Here Lies Love
Time Out says
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David Byrne's disco musical marries the sweep of history to the rush of the nightclub in the story of Imelda Marcos.
David Byrne’s utterly winning ‘Here Lies Love’ doesn’t so much tear up the musical-theatre rulebook as exhibit a strange, endearing obliviousness to the fact that it even exists.
The former Talking Heads leader has, inescapably, written a disco musical about the first lady of the Philippines/dictator’s wife Imelda Marcos. It should be the gayest thing ever. Instead, Byrne’s show and Alex Timbers’s prodigious New York production – restaged at the National Theatre to open its new Dorfman theatre – is too earnest and oblique for camp, as notable for what it misses out as for what it includes.
For starters there is literally no mention of Marcos’s humongous shoe collection, probably the only thing most people know about her. There’s also no dialogue: it’s entirely told as a song cycle, and we’re not talking dense Sondheim narrative – Byrne has made no effort to not write like David Byrne, meaning at its most peculiar we have doomed liberal politician Ninoy Aquino (a charismatic Dean John-Wilson) singing his final song about an airport departure gate (‘Gate 37’).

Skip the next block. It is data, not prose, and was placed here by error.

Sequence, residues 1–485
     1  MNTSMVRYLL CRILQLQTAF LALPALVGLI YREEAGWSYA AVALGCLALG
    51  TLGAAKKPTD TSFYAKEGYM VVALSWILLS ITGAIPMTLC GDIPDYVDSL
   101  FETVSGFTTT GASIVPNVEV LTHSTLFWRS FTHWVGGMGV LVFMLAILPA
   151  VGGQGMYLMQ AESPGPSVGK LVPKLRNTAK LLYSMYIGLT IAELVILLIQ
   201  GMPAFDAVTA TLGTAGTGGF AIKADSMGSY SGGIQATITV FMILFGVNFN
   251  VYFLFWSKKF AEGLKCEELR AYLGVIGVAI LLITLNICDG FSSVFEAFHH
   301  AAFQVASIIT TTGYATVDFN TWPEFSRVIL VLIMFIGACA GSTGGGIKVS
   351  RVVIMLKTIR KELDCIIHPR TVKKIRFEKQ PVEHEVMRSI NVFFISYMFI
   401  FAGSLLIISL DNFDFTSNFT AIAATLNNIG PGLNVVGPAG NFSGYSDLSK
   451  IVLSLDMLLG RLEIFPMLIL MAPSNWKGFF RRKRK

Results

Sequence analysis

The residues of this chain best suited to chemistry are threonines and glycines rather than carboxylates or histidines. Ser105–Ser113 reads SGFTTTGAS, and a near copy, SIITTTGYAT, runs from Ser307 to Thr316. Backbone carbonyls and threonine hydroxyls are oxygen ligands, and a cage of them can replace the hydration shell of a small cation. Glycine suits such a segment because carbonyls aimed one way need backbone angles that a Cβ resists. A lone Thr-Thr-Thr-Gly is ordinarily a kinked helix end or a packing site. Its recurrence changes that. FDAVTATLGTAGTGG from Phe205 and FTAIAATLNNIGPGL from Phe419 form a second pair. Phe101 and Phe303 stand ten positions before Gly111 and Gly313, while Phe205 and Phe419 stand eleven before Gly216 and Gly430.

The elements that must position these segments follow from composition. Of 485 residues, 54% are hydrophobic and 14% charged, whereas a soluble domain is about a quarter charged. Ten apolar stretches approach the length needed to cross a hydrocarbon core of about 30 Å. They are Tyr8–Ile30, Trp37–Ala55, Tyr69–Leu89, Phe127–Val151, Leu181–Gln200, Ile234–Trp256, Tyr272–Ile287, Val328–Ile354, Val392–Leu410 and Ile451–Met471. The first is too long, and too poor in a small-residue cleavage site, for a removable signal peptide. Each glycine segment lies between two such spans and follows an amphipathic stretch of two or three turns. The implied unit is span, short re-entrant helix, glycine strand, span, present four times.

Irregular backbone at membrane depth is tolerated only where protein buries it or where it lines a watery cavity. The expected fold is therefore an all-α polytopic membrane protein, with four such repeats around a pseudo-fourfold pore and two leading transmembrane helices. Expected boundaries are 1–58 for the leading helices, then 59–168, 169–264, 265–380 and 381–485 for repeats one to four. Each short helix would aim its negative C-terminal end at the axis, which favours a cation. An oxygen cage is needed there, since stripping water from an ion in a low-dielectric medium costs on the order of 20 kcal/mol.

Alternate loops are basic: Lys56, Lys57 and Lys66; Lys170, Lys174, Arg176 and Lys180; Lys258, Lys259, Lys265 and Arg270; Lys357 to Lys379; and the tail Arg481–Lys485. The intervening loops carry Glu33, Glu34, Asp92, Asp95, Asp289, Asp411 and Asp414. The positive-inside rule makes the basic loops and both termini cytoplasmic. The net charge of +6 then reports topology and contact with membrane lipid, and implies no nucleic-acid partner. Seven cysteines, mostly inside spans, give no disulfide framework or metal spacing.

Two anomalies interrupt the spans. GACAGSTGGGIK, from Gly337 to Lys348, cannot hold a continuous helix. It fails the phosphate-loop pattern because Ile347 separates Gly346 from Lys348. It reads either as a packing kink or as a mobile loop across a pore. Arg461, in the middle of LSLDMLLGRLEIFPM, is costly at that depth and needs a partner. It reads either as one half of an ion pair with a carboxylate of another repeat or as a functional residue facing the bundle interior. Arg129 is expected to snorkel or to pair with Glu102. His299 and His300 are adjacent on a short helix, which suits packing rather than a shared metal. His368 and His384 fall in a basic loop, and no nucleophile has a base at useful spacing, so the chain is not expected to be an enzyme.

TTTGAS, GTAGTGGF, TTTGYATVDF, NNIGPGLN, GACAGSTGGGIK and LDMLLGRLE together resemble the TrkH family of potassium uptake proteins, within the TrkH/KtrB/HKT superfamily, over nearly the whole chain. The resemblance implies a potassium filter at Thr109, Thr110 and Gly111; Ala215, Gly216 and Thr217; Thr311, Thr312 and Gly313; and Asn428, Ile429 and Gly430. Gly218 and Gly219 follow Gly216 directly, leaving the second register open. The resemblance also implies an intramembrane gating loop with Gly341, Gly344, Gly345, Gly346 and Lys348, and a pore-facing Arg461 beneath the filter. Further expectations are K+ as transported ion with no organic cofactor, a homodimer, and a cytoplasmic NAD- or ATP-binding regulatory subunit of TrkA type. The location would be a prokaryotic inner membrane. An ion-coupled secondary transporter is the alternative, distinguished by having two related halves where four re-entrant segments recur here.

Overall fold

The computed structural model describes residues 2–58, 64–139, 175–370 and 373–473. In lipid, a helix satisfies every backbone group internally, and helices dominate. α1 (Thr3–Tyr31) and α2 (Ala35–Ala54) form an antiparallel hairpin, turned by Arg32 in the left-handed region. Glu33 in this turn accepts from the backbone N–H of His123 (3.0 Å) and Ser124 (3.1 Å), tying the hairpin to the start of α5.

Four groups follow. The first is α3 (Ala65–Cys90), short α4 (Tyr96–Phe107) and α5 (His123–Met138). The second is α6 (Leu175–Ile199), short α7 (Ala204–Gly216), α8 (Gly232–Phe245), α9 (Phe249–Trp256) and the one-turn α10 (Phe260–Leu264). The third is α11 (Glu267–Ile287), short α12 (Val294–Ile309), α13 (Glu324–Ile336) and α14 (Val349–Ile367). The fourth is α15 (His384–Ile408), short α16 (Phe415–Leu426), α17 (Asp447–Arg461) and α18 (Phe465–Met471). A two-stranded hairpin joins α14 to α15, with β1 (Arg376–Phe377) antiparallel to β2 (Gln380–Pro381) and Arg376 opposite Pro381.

Byrne’s songwriting also means there are some absolute belters – the Hi-NRG title tune is an ear worm of the first order, the lament ‘Just Ask the Flowers’ is devastating, and the man has an undeniable knack for crafting a pop song out of arcane historical details (‘Order 1081’, about Ferdinand Marcos’s declaration of martial law).
But it’s as a whole that ‘Here Lies Love’ really succeeds. The show is immersive, insofar as half the audience is on the ‘dancefloor’ of the Dorfman, which has been tricked out by designer David Korins to resemble a Studio 54-style club (the Marcoses being regulars on the NYC party scene). We are geed-up by a bleached-blond hype man, moved around by enthusiastic floor staff in pink boiler suits, and frequently break into something like actual dancing thanks to a pristine soundsystem and some killer beats, courtesy of Byrne’s collaborator Fatboy Slim.
It is a fun, febrile canvas for an excellent ensemble. Without an excess of fiddly characterisation, the cast is allowed to paint in bold strokes, most particularly the excellent Natalie Mendoza, who takes Marcos from pie-eyed young peasant girl to jilted ex-dictator with the same giddy rush of girlish enthusiasm and self-love. Anyone hoping for a detailed or sober history will be left aghast, and some will argue Byrne should have taken greater care to highlight the Marcoses' crimes.
Yet to think of Byrne as a historian or moralist is missing the point – he is an impassioned tinkerer, here teaming with Timbers to marry the sweep of history to the rush of the nightclub. ‘Here Lies Love’ tells the story, but it’s a skewiff, impressionistic take with holes and flaws and peculiarities. I can imagine it’s considerably less enthralling watching if seated. But I can only judge from where I was standing and by the volume of endorphins my body dispensed – it’s as much fun as I’ve had in a theatre all year.